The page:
15. 15. The BUSINESS of CITIES Oslo’s governance in the indexes Oslo - 5th most equal city among all of its peers in a new major index (FRAGAPE) 16th of 181 cities for social cohesion (IESE) Remains one of the most socially inclusive cities in Europe (Eurostat) Strong scores on institutional effectiveness (EIU, WEF) Despite its role in international diplomacy, lacks presence in measures of political influence. 15 Oslo has among the most equal GINI coefficients among its peer group. Source: IGARAPE
  16. 16. The BUSINESS of CITIES 16 Summary
  17. 17. The BUSINESS of CITIES Oslo’s spidergram 17 0 1 2 3 4 5 6 7 8 9 10 Business-friendliness Productivity Innovation Competencies and knowledge Leisure and recreation Personal safety Sustainability and resilience Work-life balance Attractiveness to visitors Attractiveness to talent Friendliness Welcoming to foreigners Social stability Quality and integrity Transparency and reliability Influence and status 2015 performance 2017 perception ersion 2017 performance
  18. 18. The BUSINESS of CITIES Oslo’s spidergram 18 0 1 2 3 4 5 6 7 8 9 10 Business-friendliness Productivity Innovation Competencies and knowledge Leisure and recreation Personal safety Sustainability and resilience Work-life balance Attractiveness to visitors Attractiveness to talent Friendliness Welcoming to foreigners Social stability Quality and integrity Transparency and reliability Influence and status 2015 performance 2017 perception ersion 2017 performanceAreas of improvement
  19. 19. The BUSINESS of CITIES Oslo’s spidergram 19 0 1 2 3 4 5 6 7 8 9 10 Business-friendliness Productivity Innovation Competencies and knowledge Leisure and recreation Personal safety Sustainability and resilience Work-life balance Attractiveness to visitors Attractiveness to talent Friendliness Welcoming to foreigners Social stability Quality and integrity Transparency and reliability Influence and status 2015 performance 2017 perception ersion 2017 performanceAreas of decline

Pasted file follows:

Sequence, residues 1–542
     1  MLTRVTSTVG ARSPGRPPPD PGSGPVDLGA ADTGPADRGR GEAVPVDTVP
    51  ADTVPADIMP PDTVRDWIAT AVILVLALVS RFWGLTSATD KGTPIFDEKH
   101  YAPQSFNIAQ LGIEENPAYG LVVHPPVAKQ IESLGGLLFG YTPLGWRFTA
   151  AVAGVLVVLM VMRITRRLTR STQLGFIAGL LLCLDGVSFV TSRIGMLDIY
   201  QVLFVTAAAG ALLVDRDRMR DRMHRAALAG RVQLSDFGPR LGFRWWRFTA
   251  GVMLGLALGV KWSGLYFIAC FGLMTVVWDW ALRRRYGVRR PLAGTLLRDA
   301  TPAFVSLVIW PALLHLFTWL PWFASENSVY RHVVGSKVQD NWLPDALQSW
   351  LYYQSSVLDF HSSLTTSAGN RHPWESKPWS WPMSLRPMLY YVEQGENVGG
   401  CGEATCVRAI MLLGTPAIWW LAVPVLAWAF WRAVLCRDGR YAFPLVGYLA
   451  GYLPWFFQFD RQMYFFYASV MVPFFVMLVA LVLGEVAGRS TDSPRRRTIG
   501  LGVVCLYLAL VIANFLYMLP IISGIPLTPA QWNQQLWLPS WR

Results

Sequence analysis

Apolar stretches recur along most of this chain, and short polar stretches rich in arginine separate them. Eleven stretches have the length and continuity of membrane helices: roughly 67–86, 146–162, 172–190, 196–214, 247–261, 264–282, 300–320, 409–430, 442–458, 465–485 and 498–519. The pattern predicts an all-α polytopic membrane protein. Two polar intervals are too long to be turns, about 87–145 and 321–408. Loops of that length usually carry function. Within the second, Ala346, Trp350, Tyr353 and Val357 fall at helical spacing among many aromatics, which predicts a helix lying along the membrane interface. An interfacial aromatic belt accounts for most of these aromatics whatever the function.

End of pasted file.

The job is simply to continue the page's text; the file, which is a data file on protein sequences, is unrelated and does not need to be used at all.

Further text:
20. 20. The BUSINESS of CITIES What explains some points of negative change? – Oslo has fallen on some governance measures that assess e-government adoption and municipal department innovation. There is also a bias against cities with high tax rates in some measures. – Oslo has slightly fallen in measures of talent because indices increasingly measure the size of the talent pool rather than quality or specialization – Air pollution and emissions performance is still good but not quite as top performing as 3 years ago. Growing competition, scale/size issues, and index biases. These are not issues that can easily be corrected, they need to be balanced. 20
  21. 21. The BUSINESS of CITIES Oslo: the good news Oslo is:  Improving its position and visibility despite the depth of competition.  Enjoying a successful cycle of attracting capital in real estate, infrastructure and ideas.  Becoming an internationally important location for entrepreneurship and innovation.  Performing more strongly for urban lifestyle, aesthetics and natural environment.  Gaining more recognition for its sustainability, green economy, integration, work-life balance and egalitarianism  Improving its relative connectivity and two-way traffic of tourists + talent  Still world class in terms of infrastructure and technology 21